Even more surprising was when we got in to prior claims-handling aggressiveness. It turns out this adjuster was not in the same state as the employer, and he failed to really handle their claims at all. The icing on the cake was a questionable hernia claim. This adjuster told the employer that they had no evidence to show that it did not happen outside of work, so that meant that they were obligated to accept the claim (which was not true in this jurisdiction and given the claim details and injury scenario—at least in my opinion). The employer unhappily accepted the claim, and it turned in to a disaster. This injured worker needed two surgeries to correct this hernia, and also had some post-op complications with some nerve involvement. The claim was still open years later, with no end in sight.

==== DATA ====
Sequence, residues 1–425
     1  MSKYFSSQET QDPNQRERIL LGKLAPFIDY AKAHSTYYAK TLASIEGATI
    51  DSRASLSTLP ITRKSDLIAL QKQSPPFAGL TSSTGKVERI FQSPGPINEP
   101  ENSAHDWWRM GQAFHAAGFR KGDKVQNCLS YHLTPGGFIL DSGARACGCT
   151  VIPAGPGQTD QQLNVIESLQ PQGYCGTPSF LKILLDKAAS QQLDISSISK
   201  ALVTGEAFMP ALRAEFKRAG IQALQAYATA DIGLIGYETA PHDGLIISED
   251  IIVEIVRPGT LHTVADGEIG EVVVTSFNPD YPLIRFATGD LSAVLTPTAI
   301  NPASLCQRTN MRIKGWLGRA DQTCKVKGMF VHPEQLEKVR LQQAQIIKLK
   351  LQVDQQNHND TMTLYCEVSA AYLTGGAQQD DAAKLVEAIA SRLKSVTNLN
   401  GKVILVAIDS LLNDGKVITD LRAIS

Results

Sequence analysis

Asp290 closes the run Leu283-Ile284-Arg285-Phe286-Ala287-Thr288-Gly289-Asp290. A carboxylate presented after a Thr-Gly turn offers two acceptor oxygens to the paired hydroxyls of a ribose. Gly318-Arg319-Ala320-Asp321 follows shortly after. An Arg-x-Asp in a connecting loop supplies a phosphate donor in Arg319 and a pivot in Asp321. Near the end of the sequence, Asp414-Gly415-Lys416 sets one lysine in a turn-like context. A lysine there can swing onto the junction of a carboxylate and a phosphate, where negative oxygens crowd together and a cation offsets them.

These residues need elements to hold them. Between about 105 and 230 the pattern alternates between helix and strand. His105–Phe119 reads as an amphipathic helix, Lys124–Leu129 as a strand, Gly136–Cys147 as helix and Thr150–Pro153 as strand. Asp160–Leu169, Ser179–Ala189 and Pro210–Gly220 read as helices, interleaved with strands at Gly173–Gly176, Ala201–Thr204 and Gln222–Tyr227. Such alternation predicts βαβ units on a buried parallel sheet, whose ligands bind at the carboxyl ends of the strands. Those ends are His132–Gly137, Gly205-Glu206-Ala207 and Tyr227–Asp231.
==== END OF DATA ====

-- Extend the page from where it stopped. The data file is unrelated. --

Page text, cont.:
Team Up With Local Adjusters
This proves the old point of teaming up adjusters in the same state as the employer. Not only are these adjusters better educated on the local jurisdiction, but they are also usually a lot more aggressive than out of state adjusters just covering a territory. So my first point is to team up local adjusters with local accounts, and let them take it from there.
Basic Flow Of Communication